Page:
- Wash your hands. Put on clean gloves.
- Gently remove the bandage, if you use one. Hold the skin around the stoma with one hand. With the other hand, gently pull any adhesive tape in the direction of hair growth. Throw the bandage in the trash can.
- Look for redness, skin injuries, red spots, drainage, and swelling. Report any skin changes to your caregiver.
- Clean the site:
- Throw away your used gloves. Wash your hands and put on clean gloves.
- Hold the end of the catheter tube near the insertion site so you do not pull it out while you clean your skin.
- Wash the catheter with a washcloth or sterile gauze bandage as directed to remove blood or other material. Start at the end near your stoma and move up the catheter, away from the stoma.
- Clean the skin around your stoma by moving your hand in a circle away from the stoma as you clean. Clean off any mucus. Rinse the stoma and the skin around it with the washcloth or sterile gauze bandage.
- Pat the area gently with a clean towel or gauze bandage to dry it.
- Dress the stoma site and secure the catheter:
- Throw away your used gloves. Wash your hands. Apply a new bandage if you use one.
- Secure the catheter tubing with tape or the device that holds the catheter to your leg or abdomen. Do not kink or block the tubing.
How is my suprapubic catheter changed?
Usually a caregiver will do routine catheter changes for you. You or someone who helps take care of you may be taught how to change the catheter if you have it for a long time. You also need to know how to change the catheter in case it comes out accidently. This must be done right away because your stoma can close quickly. Do the following to change a suprapubic catheter:
- Gather the items you will need:
- New catheter kit that has the catheter, lubricating gel, skin cleaning supplies, and a syringe and water for filling the catheter balloon
- Syringe for removing the water from the balloon of the old catheter
- Sterile medical gloves
- Clean medical gloves, if used
- Bandages and surgical tape, if used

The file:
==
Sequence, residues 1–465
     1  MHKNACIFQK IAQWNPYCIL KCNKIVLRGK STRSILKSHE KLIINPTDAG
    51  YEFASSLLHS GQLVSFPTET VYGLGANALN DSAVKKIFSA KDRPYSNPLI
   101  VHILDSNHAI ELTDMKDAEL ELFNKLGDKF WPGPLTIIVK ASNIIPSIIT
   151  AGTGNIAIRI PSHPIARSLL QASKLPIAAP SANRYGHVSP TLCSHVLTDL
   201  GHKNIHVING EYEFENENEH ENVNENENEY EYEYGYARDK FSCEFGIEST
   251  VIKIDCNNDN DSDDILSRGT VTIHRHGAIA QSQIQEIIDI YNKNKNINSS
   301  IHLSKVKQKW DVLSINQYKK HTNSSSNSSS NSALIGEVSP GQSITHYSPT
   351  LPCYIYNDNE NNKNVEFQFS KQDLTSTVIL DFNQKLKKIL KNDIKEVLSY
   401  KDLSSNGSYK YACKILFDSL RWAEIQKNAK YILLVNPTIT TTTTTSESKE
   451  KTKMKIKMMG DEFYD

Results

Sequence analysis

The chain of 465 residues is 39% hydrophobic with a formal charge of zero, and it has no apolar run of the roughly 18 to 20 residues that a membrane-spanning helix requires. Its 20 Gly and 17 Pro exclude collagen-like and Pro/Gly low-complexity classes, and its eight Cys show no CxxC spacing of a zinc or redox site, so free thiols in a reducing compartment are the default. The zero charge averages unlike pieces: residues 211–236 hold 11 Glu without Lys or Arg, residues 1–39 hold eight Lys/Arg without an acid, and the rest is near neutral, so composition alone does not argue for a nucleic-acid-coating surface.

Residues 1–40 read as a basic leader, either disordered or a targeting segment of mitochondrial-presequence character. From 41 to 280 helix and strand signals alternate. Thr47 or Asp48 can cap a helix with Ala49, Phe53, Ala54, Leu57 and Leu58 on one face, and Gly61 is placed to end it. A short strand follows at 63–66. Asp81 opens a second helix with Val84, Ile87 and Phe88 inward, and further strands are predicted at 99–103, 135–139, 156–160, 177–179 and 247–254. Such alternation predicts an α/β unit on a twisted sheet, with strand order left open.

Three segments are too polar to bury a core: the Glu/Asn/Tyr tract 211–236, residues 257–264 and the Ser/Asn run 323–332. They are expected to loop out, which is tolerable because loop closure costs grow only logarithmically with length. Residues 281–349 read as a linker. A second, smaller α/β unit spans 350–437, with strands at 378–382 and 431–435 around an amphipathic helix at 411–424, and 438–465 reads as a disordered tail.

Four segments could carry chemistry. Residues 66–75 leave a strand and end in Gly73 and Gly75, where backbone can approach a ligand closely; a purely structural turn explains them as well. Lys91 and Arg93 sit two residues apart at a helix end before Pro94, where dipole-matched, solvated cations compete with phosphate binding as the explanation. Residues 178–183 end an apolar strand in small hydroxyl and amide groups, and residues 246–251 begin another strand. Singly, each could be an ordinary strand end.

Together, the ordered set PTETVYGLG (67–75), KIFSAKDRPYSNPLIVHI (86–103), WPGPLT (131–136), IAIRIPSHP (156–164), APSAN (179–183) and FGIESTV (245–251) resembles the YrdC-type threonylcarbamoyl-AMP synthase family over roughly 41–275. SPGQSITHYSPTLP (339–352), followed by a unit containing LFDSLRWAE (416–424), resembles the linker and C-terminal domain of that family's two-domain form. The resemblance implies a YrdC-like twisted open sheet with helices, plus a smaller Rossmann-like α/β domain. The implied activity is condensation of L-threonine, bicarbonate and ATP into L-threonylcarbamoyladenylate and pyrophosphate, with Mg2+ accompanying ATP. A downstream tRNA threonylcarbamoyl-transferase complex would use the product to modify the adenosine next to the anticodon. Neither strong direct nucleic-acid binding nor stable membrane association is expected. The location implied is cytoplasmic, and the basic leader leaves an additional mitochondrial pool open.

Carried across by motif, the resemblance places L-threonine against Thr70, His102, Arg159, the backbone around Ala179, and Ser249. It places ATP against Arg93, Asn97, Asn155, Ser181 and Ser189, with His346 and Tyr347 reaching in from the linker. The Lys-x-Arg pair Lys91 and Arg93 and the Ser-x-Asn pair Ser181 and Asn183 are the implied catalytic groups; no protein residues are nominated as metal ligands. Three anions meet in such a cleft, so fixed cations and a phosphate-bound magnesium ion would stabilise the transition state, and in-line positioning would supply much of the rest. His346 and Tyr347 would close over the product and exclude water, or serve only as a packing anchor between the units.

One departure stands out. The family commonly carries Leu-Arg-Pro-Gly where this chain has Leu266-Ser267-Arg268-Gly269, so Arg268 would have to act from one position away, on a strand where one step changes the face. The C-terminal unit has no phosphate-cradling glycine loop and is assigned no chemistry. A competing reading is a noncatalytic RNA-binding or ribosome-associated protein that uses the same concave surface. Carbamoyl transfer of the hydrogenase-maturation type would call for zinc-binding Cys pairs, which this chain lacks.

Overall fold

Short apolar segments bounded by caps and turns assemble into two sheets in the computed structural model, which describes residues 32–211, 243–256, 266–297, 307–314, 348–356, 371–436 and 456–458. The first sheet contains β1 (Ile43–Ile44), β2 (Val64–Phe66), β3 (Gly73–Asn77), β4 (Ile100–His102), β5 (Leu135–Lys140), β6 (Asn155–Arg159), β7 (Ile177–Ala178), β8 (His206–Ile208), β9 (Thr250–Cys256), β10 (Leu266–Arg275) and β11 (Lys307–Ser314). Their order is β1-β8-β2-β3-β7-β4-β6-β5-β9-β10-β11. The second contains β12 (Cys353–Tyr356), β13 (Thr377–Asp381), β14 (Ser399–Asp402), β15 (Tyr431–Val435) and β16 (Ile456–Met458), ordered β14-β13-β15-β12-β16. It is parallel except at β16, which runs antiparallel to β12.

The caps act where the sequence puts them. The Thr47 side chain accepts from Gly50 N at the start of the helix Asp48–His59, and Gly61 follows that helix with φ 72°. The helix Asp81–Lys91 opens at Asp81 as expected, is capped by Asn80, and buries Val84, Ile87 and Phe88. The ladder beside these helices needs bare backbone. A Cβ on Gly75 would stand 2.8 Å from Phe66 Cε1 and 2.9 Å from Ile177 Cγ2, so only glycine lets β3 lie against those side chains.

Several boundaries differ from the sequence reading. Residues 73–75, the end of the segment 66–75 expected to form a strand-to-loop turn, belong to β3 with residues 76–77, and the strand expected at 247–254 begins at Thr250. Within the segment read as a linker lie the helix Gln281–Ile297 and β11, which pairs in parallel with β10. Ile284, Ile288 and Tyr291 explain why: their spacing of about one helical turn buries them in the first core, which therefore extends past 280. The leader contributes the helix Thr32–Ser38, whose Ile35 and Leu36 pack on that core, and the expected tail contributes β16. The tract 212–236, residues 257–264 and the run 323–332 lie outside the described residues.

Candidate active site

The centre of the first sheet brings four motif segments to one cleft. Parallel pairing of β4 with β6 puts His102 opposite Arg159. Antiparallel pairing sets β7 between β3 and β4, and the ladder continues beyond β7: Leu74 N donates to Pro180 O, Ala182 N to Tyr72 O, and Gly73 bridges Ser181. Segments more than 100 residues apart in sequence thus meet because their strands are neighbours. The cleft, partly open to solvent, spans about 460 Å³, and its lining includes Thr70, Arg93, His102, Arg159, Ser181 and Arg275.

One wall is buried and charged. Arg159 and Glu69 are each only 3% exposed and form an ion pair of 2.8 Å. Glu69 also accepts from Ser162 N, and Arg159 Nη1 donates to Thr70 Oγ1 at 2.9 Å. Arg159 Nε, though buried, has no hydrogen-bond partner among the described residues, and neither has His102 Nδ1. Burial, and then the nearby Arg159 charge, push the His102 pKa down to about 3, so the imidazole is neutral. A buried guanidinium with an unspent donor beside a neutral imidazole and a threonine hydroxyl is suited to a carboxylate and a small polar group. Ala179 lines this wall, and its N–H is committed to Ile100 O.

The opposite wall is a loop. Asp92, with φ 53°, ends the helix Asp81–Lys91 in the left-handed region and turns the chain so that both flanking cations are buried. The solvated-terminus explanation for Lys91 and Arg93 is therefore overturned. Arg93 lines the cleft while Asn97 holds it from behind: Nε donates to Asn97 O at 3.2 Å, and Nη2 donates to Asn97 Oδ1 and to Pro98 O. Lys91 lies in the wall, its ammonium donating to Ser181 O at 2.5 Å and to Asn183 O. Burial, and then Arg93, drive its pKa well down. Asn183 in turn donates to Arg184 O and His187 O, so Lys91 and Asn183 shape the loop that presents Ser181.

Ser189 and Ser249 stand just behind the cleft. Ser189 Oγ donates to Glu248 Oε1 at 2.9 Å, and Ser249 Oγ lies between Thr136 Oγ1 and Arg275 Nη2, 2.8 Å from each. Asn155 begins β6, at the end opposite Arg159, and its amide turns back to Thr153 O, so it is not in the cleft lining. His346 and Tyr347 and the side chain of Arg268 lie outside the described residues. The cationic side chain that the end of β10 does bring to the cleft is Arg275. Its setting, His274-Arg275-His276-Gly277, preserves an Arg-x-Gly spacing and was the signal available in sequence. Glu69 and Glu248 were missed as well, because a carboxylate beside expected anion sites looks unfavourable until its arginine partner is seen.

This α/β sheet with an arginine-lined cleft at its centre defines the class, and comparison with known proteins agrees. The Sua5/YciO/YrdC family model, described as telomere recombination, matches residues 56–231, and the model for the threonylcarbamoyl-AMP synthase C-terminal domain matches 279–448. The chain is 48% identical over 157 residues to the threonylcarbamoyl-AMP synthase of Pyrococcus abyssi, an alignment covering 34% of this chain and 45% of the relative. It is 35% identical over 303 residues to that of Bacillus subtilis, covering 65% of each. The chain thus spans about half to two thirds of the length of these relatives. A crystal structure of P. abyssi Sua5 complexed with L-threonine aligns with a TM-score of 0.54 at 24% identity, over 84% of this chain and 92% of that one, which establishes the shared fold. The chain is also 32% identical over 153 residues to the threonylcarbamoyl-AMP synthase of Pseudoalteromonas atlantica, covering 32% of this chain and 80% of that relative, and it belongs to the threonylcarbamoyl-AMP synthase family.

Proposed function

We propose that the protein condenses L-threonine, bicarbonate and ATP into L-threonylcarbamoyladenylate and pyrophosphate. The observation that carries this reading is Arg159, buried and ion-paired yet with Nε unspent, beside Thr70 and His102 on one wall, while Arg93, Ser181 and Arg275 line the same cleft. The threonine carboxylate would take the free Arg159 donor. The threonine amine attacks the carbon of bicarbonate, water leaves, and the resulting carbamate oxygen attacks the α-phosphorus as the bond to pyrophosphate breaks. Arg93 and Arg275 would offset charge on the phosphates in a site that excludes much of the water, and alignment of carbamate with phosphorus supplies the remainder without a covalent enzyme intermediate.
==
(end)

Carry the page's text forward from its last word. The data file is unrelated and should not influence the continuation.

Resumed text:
- Anesthesia (numbing) gel, if used
- Prepare to remove the catheter:
- Wash your hands with germ-killing soap and warm water.
- Open the catheter pack as directed on the package or as you have been shown. Fill a syringe with sterile water as directed. Attach the drainage bag to the new catheter as directed. It can be connected to the new catheter before or after the new catheter is inserted.
- Put on the clean gloves. Caregivers may show you how to use 2 sterile gloves on each hand when you are changing your own catheter.
- Remove the dressing and throw it away.
- Clean around the insertion site as directed with saline or a cleaning solution. Remove the gloves, wash your hands, and put on new clean gloves. Do not remove the sterile gloves if you are changing your own catheter.
- Get into a position that is comfortable for you, such as lying on your back. Use a waterproof pad underneath you in case any urine leaks out.
- Remove the tape or device that holds the catheter to your leg or abdomen. Hold the catheter firmly and gently rotate it to loosen it.
- Remove the old catheter:
- Attach a syringe to balloon port and remove all of the water from the catheter balloon. Throw away the syringe.
- Have a new gauze bandage available as there may a small amount of urine coming from the site after the catheter comes out.
- Hold the catheter at a point close to the insertion site. Compare the old and new catheters by looking at where your fingers are as you hold the old catheter near the stoma. This will show you how far to insert the new one.
- Keep your fingers on the tube close to the insertion site and gently pull the catheter up and away from you. Stop if the catheter is hard to pull and rotate it more while you press down gently.
- Pull the catheter until it comes all of the way out and throw it away.
- Insert the new catheter: Do this within 10 minutes after you remove the old catheter.
- Remove the gloves, wash your hands, and put on the sterile gloves. If you are changing your own catheter and wearing 2 sets of sterile gloves, remove 1 glove from each hand.
- Put sterile lubricating gel on the new catheter to make it easier to move through the stoma. Use anesthetic gel if directed by your caregiver.
- Insert the new catheter.
- Secure the new catheter:
- Check to see that urine is draining from the catheter. When urine begins to flow through the tubing, fill the catheter balloon with the sterile water in the new syringe. Use the amount of water as directed or as stated on the catheter kit.
- Gently move the catheter in or out a small amount if you feel pain or the balloon is hard to fill and try again. If that does not work, remove the catheter and insert a new one.
- Clean the catheter insertion site again if needed. Apply a bandage if you use one.
- Throw away your used gloves, and wash your hands.
- Secure the catheter tube with tape or a device. Catheters should be secured to the thigh for women and the abdomen or thigh for men. The catheter tube should be secured loosely so it does not pull on the catheter.
What problems may occur with changing my suprapubic catheter and what should I do about them?